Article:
image

Racism

‘Maybe if I wasn’t Asian’: Star Wars actress Kelly Marie Tran strikes back at online racists in powerful essay

Tran, who wiped her Instagram account after months of online attacks, says she went into a ‘spiral of self-hate’ before realising she had been ‘brainwashed’ by her harassers

PUBLISHED : Wednesday, 22 August, 2018, 12:26pm
UPDATED : Wednesday, 22 August, 2018, 9:53pm

Star Wars actress Kelly Marie Tran proved on Tuesday that the pen is mightier than the lightsabre.

In an essay for The New York Times, The Last Jedi star, who became the first Asian American actress to win a prominent role in a Star Wars film, addressed online harassers as well as those who make minorities and women of colour feel marginalised.

Tran’s essay comes months after the actress scrubbed her Instagram account following racist and misogynistic campaigns from Star Wars “fans” who did not like her character, or Rian Johnson’s film.

I thought, ‘Oh, maybe if I was thinner’ or ‘Maybe if I grow out my hair’ and, worst of all, ‘Maybe if I wasn’t Asian’
Kelly Marie Tran

“It wasn’t their words, it’s that I started to believe them,” Tran wrote. “Their words seemed to confirm what growing up as a woman and a person of colour already taught me: that I belonged in margins and spaces, valid only as a minor character in their lives and stories.”

“And those words awakened something deep inside me – a feeling I thought I had grown out of,” she said. “The same feeling I had when at nine, I stopped speaking Vietnamese altogether because I was tired of hearing other kids mock me. Or at 17, when at dinner with my white boyfriend and his family, I ordered a meal in perfect English, to the surprise of the waitress, who exclaimed, ‘Wow, it’s so cute that you have an exchange student!’”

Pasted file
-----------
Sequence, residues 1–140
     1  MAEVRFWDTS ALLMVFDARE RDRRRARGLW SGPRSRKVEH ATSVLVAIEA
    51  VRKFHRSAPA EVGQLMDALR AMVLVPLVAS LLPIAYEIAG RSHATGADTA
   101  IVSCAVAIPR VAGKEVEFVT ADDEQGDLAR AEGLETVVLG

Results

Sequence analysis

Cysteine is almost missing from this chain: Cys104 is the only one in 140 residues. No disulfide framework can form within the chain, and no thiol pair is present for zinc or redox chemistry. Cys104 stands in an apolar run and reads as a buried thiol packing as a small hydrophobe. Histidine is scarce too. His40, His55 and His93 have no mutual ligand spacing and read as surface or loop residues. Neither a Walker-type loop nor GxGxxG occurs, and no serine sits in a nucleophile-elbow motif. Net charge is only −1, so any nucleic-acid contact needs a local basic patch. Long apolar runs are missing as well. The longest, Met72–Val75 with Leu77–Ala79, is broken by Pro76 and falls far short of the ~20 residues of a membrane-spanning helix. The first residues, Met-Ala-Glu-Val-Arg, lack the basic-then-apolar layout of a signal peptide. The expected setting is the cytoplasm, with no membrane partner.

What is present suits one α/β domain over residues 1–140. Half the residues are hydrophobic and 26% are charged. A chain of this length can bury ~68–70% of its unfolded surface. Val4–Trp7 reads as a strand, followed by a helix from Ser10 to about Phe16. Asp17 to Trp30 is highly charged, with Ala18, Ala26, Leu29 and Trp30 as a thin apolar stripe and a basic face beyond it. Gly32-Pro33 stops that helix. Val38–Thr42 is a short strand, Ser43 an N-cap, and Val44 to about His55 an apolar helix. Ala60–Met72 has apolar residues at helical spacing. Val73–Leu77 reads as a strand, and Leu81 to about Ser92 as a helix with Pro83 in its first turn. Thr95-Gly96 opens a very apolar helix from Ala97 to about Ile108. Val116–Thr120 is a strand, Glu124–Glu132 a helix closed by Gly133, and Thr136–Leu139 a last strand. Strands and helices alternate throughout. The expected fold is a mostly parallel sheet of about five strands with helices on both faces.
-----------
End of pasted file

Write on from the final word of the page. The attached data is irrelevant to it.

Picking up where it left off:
The 29-year-old said that for months she “went down a spiral of self-hate,” tore herself apart and put her harassers’ words above her own self-worth: “As much as I hate to admit it, I started blaming myself. I thought, ‘Oh, maybe if I was thinner’ or ‘Maybe if I grow out my hair’ and, worst of all, ‘Maybe if I wasn’t Asian’.”

It was then, she said, that she realised she had been lied to.

“I had been brainwashed into believing that my existence was limited to the boundaries of another person’s approval. I had been tricked into thinking that my body was not my own, that I was beautiful only if someone else believed it, regardless of my own opinion,” she wrote.

“I had been told and retold this by everyone: by the media, by Hollywood, by companies that profited from my insecurities, manipulating me so that I would buy their clothes, their make-up, their shoes, in order to fill a void that was perpetuated by them in the first place.”

Tran explained that this is “what it is to grow up as a person of colour in a white-dominated world” and “what it is to be a woman in a society that has taught its daughters that we are worthy of love only if we are deemed attractive by its sons.”

That, she said, is not the world she wants to leave behind.

“I want to live in a world where children of colour don’t spend their entire adolescence wishing to be white. I want to live in a world where women are not subjected to scrutiny for their appearance, or their actions, or their general existence. I want to live in a world where people of all races, religions, socioeconomic classes, sexual orientations, gender identities and abilities are seen as what they have always been: human beings,” Tran wrote.

She concluded with a vow to reclaim her identity, and her Vietnamese name.

“You might know me as Kelly,” she wrote. “I am the first woman of colour to have a leading role in a ‘Star Wars’ movie. I am the first Asian woman to appear on the cover of Vanity Fair. My real name is Loan. And I am just getting started.”